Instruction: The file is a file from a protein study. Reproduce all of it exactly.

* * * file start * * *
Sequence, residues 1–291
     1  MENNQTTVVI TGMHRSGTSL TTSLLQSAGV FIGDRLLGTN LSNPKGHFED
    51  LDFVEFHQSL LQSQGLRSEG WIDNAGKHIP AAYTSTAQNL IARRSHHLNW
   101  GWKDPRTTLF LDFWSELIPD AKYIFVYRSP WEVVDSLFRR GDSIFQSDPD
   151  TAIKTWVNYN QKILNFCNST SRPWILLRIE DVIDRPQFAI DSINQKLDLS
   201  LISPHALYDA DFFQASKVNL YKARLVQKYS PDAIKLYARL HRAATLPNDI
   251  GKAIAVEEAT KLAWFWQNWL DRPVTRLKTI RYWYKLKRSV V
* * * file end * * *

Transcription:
Sequence, residues 1–291
     1  MENNQTTVVI TGMHRSGTSL TTSLLQSAGV FIGDRLLGTN LSNPKGHFED
    51  LDFVEFHQSL LQSQGLRSEG WIDNAGKHIP AAYTSTAQNL IARRSHHLNW
   101  GWKDPRTTLF LDFWSELIPD AKYIFVYRSP WEVVDSLFRR GDSIFQSDPD
   151  TAIKTWVNYN QKILNFCNST SRPWILLRIE DVIDRPQFAI DSINQKLDLS
   201  LISPHALYDA DFFQASKVNL YKARLVQKYS PDAIKLYARL HRAATLPNDI
   251  GKAIAVEEAT KLAWFWQNWL DRPVTRLKTI RYWYKLKRSV V